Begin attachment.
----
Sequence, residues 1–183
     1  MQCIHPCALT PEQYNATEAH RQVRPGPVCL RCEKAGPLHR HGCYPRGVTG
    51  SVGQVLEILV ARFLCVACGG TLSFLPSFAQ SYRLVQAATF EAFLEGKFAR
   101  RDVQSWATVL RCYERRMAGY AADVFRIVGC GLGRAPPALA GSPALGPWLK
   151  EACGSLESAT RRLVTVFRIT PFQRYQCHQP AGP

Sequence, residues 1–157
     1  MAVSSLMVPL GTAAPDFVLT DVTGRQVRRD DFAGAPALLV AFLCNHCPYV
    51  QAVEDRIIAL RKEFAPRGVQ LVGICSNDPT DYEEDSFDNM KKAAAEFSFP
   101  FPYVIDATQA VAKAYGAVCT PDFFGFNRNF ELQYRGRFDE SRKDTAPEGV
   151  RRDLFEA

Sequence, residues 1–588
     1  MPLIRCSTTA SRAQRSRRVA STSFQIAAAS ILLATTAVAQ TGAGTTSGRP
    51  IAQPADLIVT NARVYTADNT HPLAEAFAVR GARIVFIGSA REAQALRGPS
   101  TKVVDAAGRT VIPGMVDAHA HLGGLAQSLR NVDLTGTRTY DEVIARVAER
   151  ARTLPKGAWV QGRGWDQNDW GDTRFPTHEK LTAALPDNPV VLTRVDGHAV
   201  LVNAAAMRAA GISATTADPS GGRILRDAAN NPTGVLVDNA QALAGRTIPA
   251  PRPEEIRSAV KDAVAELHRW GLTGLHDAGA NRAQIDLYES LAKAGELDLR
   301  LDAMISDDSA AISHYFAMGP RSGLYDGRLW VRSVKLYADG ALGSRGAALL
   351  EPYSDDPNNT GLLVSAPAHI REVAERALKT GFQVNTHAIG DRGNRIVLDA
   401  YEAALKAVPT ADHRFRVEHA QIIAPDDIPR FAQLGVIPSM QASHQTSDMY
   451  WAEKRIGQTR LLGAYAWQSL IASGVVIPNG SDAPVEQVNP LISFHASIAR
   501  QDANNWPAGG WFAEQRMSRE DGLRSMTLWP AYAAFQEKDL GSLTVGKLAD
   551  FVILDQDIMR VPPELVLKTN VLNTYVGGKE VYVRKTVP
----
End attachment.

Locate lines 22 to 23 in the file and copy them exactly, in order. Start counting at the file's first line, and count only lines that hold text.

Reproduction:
   501  QDANNWPAGG WFAEQRMSRE DGLRSMTLWP AYAAFQEKDL GSLTVGKLAD
   551  FVILDQDIMR VPPELVLKTN VLNTYVGGKE VYVRKTVP